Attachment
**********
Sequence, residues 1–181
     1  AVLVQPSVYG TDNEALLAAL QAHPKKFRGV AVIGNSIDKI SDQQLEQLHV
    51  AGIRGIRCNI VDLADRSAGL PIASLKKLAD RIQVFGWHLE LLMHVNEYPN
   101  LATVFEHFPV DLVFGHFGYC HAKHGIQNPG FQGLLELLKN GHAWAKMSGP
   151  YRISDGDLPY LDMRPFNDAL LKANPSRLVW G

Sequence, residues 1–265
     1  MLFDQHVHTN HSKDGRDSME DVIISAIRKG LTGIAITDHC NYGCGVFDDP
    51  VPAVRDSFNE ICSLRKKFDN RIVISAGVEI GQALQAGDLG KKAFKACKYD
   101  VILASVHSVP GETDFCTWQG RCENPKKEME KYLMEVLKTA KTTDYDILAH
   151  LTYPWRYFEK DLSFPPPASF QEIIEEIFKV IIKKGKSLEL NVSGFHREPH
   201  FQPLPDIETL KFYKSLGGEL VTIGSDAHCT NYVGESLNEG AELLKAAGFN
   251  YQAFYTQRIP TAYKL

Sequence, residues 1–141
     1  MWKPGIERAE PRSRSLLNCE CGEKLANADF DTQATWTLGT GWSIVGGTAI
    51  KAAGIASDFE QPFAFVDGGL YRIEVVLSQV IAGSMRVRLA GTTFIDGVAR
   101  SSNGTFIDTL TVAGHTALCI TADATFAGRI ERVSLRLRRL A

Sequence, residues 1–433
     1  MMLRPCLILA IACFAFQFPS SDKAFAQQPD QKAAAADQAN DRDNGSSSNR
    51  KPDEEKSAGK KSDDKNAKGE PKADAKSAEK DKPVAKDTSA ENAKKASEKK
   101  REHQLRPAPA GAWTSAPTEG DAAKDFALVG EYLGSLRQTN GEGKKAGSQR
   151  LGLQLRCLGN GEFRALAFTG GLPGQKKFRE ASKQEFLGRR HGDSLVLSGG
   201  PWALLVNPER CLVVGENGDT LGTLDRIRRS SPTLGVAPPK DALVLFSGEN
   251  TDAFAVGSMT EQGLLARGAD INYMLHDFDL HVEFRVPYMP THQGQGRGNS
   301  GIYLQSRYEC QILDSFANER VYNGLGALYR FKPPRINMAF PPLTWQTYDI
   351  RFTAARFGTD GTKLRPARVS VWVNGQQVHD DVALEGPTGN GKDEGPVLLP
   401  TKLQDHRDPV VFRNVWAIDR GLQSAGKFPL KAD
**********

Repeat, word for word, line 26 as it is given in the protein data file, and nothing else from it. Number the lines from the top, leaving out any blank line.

   401  TKLQDHRDPV VFRNVWAIDR GLQSAGKFPL KAD